Fireside Chat with Aldo Mora Sanchez, Co-Founder at Peccala

July 15, 2022
5 min read

Hailing from Mexico, Aldo Mora Sanchez has a deep passion for neuroscience, having a Ph.D. in Neuroengineering and Applied Mathematics, and an entrepreneurial spirit. Before joining Peccala, he was the CEO and co-founder at Immune Compass, where he aimed to use AI algorithms to help make better matches for egg and sperm donors. Now, he has teamed up with JJ Jones and Laura Arcade to help people achieve passive income.

Aldo, tell us a bit about yourself.

After completing my bachelor’s in Physics in Mexico, I left and moved around to various places such as France, the UK, Sweden, and currently, I’m in Estonia. I used to be a musician and combined my studies with music school. I played the cello, but it’s a large instrument to travel around with, so I don’t play as much anymore. I love to learn various instruments. I set the goal to learn one song, and then put it back on the shelf. Aside from that, I love to travel a lot. I especially enjoy staying in a single city for 1–2 months to understand the society and political situation and learn the history. Even if it’s on a superficial level, I just love to know how the world works. Also, I’m an adventurous eater, so I’ll sometimes even travel to a place just to try a specific cuisine.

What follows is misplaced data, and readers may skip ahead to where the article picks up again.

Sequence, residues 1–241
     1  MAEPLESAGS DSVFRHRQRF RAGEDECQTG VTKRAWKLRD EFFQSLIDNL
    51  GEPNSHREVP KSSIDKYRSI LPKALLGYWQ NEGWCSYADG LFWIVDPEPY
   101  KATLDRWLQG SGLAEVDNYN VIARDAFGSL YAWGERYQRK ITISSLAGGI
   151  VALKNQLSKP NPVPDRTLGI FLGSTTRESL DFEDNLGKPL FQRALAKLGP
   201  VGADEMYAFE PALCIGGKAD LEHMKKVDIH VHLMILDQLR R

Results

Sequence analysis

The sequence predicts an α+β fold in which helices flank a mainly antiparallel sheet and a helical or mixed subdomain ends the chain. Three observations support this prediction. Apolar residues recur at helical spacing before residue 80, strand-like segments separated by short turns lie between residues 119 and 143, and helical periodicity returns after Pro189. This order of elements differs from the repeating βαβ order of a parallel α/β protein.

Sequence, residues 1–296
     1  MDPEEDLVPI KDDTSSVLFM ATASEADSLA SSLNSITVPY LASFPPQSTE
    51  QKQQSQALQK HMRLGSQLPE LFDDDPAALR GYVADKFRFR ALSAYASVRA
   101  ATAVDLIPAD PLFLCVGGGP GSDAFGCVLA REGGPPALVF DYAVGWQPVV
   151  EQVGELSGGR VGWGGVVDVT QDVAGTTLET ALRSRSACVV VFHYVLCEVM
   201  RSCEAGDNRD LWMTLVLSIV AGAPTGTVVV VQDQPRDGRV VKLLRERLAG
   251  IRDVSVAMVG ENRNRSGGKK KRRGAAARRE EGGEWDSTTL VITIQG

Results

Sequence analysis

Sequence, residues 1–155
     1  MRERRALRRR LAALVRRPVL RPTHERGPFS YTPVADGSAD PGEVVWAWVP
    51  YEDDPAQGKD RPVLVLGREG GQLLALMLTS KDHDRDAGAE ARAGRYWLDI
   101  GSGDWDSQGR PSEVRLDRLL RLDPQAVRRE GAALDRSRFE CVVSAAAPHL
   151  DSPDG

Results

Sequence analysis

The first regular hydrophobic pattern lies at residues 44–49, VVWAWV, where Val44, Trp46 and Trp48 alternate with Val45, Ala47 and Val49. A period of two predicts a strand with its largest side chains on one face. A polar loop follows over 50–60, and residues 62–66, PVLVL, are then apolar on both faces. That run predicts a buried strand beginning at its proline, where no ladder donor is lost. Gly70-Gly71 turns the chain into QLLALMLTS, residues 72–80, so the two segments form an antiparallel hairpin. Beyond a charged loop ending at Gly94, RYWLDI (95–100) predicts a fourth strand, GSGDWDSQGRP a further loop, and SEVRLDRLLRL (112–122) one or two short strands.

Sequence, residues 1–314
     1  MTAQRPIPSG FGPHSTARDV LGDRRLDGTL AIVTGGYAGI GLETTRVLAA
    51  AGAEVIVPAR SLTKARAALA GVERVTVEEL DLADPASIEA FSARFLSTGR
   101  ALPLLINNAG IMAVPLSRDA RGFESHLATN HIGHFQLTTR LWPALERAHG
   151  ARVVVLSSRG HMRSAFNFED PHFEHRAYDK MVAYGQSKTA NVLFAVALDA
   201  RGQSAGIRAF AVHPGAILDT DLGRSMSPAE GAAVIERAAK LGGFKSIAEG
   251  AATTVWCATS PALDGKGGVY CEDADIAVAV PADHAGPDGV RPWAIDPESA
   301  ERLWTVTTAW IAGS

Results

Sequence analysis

I’m really passionate about the brain. It’s probably the most complex object known to us, and yet imagine neuroscience is all about that object trying to learn about itself.

What work experience do you have?

I’ve been doing research most of my life. I did my bachelor’s in Physics since I felt passionate about the universe and all the weird things behind it — how things behave from the subatomic level, to black holes and the stars. I soon realized that as vast and interesting as it is, physics could still be restrictive, and that you can spend your whole life in it without making an impact.

So then I did my masters in applied mathematics because I can go into any field and make some kind of contribution. I’ve been involved on many projects, from policy making in agriculture to neuroscience, as I’m really passionate about the brain. It’s probably the most complex object known to us, and yet imagine neuroscience is all about that object trying to learn about itself. I also studied the human immune system, I worked for a startup that does quantum computing for finances, and worked in the fertility domain with my own company, Immune Compass, where I tried to improve the process of gamete donation and achieve a better success rate for recipients.

Unfortunately, my co-founder and I had overlooked the changing regulations in Europe, and compliance ended up depleting our budget. In the meantime, I was working on my side project which is now Peccala and that’s currently what I’m focusing on.

How did you come up with the algorithm behind Peccala?

I was working on Peccala for about 4–5 years. It started as a part-time gig on the side. I was writing a scientific article about the mathematical similarities between data I collected from the brain, and financial data, since I was doing my Ph.D. in neuroscience.